Kazakhstan: Visionary Energy Highway between East and West



INSIGHT


  • KAZAKHSTAN HAS ENORMOUS GROWTH POTENTIAL AS A LOGISTICS HUB. THE COUNTRY IS THE CENTRAL HUB BETWEEN THE EUROPEAN AND EAST ASIAN ECONOMIES. WITHIN ITS OWN BORDERS, KAZAKHSTAN HAS NUMEROUS ENERGY RESOURCES TO DRAW ON, INCLUDING COAL, URANIUM, OIL AND GAS.
  • RESOURCES ARE THE SOLID BACKBONE ON WHICH KAZAKHSTAN RESTS. ENERGY SUPPORTS THE COUNTRY’S GROWTH, AS WELL AS CONNECTIVITY TO OTHER PARTS OF THE EURASIAN CONTINENT.
  • THE HORSE AND THE GRASSY PLAINS WERE THE ESSENTIAL MEANS OF TRAVEL. THINGS ARE A LITTLE DIFFERENT TODAY. NOT EQUINE POWER, BUT HORSE POWER AND ENERGY RESOURCES ENABLE KAZAKHSTAN TO REACH THE DISTANT SHORES OF THE EURASIAN CONTINENT.


1. Kazakhstan has become a hub for international trade. Trade is served by pipelines, highways and train connections across the Eurasian continent.


Over the past decade, Kazakhstan has made huge investments in its infrastructure. This has helped to expand and connect to disparate logistical networks. Investment in Kazakhstan’s economy has seen the construction of new roads and rail lines. They span the Eurasian plain and enable trade from East Asia to Europe and back from Europe to East Asia. Although the Silk Road existed many centuries ago, Kazakhstan was not at the center of this vast trading area. The Silk Road did not follow the northern corridor, which established itself as the core of the new Silk Road between Europe and East Asia.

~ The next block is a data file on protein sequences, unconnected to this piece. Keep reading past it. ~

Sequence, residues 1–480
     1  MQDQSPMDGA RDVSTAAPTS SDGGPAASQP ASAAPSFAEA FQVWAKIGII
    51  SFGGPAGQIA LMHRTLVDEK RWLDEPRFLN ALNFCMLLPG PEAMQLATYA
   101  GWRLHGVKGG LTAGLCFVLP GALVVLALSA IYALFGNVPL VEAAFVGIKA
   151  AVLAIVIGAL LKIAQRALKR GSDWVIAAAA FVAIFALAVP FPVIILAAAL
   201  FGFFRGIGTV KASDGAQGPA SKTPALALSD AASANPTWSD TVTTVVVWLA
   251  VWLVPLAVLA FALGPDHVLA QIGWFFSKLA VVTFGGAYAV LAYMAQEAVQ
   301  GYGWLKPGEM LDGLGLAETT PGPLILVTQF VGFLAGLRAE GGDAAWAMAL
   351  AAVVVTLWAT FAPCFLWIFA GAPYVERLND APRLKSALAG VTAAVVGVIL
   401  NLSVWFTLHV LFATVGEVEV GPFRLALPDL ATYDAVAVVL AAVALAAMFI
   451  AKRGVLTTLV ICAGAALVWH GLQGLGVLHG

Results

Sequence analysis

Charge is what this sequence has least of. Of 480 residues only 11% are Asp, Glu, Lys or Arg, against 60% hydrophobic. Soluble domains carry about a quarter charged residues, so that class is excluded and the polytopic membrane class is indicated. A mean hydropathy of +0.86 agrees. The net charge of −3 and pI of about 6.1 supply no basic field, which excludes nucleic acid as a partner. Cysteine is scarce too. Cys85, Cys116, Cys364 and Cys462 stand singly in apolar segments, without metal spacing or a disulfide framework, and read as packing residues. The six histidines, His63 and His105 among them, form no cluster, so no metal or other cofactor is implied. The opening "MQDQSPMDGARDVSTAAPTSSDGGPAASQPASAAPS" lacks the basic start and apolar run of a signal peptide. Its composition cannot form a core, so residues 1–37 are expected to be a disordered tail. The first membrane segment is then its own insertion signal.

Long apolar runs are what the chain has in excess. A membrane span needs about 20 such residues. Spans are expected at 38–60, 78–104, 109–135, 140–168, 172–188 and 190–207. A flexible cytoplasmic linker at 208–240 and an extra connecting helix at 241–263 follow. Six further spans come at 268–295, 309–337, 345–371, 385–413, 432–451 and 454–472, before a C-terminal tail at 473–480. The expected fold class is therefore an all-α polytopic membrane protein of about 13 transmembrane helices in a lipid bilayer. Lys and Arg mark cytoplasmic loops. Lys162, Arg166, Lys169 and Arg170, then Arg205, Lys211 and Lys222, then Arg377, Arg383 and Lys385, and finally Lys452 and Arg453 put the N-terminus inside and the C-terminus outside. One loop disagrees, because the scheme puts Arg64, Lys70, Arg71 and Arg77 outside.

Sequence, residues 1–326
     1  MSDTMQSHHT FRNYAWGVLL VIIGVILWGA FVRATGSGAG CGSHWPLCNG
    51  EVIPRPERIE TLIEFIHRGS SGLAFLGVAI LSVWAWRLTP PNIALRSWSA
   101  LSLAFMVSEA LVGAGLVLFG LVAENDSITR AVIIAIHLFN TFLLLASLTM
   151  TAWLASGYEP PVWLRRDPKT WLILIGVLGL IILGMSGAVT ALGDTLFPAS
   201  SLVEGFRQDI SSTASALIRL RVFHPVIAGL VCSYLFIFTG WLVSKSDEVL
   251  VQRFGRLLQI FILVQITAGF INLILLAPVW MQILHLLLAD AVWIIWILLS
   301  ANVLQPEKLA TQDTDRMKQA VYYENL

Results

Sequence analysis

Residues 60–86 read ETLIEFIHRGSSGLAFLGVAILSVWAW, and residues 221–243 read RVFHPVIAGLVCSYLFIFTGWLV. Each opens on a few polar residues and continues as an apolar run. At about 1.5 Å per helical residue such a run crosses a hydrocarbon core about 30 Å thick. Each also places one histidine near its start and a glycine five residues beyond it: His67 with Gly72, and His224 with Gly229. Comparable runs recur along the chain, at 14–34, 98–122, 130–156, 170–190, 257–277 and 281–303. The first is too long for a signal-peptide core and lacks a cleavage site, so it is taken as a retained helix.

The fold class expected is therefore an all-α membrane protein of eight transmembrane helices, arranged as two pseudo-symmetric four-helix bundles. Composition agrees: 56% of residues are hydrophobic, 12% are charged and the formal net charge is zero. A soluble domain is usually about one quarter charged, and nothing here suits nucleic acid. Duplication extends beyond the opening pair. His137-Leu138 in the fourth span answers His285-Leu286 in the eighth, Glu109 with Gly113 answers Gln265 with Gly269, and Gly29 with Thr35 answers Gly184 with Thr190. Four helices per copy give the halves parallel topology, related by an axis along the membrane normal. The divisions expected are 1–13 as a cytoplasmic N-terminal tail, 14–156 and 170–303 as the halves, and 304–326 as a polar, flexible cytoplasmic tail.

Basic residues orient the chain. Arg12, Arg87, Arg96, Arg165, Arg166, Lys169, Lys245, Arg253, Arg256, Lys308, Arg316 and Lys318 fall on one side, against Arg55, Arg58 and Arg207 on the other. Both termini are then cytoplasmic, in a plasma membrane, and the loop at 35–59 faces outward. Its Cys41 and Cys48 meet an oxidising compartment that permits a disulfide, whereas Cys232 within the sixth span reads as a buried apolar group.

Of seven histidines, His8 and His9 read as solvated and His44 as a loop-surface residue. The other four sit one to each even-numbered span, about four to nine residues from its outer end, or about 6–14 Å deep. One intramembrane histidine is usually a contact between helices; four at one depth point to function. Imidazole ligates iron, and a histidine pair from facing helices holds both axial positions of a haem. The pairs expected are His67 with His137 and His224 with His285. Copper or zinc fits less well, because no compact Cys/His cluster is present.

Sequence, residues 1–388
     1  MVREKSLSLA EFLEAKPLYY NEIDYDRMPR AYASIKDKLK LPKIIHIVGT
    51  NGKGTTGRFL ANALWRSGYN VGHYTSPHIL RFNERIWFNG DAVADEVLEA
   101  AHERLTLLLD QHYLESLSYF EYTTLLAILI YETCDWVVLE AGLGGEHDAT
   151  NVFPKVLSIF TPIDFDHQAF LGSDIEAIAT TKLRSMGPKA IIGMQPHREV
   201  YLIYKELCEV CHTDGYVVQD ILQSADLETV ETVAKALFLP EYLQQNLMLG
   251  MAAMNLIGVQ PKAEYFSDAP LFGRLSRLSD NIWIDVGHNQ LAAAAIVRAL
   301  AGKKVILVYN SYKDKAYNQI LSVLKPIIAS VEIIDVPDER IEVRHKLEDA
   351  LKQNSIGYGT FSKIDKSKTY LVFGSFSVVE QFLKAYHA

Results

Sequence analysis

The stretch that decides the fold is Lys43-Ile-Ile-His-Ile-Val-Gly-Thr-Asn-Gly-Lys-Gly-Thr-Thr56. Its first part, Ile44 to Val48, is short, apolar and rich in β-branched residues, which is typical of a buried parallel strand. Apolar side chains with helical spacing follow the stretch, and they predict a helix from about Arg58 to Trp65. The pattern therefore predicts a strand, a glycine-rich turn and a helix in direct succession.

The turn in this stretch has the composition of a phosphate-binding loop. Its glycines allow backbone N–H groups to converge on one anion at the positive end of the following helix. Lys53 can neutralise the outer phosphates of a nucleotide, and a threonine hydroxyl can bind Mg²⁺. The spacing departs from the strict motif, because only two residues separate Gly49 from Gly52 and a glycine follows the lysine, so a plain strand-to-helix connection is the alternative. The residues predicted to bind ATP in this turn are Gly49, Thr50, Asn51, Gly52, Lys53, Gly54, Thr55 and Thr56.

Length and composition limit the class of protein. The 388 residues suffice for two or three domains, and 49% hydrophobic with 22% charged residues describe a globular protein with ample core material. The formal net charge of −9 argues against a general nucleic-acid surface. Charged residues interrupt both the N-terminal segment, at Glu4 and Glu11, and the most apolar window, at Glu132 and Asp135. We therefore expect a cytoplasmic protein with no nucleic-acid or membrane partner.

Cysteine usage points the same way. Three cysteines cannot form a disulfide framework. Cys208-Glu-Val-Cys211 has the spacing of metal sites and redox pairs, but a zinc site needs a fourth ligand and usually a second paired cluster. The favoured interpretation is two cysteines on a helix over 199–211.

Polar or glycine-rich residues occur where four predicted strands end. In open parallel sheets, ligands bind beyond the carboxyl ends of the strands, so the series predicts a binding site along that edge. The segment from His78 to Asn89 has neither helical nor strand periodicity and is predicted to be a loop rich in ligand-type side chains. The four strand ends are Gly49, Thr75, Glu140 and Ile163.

The actual Silk Road ran farther south, closely touching the land of Uzbekistan. As the caravans advanced westward, they passed through mountain corridors that connected the dusty landscape, rocky elevations and ever-changing grasslands interspersed with small bushes and wooded areas on mountain slopes. Streams and dry riverbeds crossed the way of the traveler. This is the path that connects Central Asia with Iran. At that time, trade was even more sporadic than we can imagine today. The Silk Road was more of a bus route and was frequently interrupted by trading posts. There were various stops along the way. Goods were traded at each stop. It is not even plausible or necessary that a significant portion of the traded goods made their way to Italy. Many goods never made it that far. And most of the trade took place in Asia.

Things eventually changed. The centuries progressed and the modern era approached. More goods were traded. Trade became a very different animal. Goods were transported by both land and sea, as land transport was often more dangerous. It also took modern navigation, charting, and sailing ships to counter the pirates that were an ever-present threat on the high seas. As safety improved, more and more goods were traded and moved across the oceans rather than over land.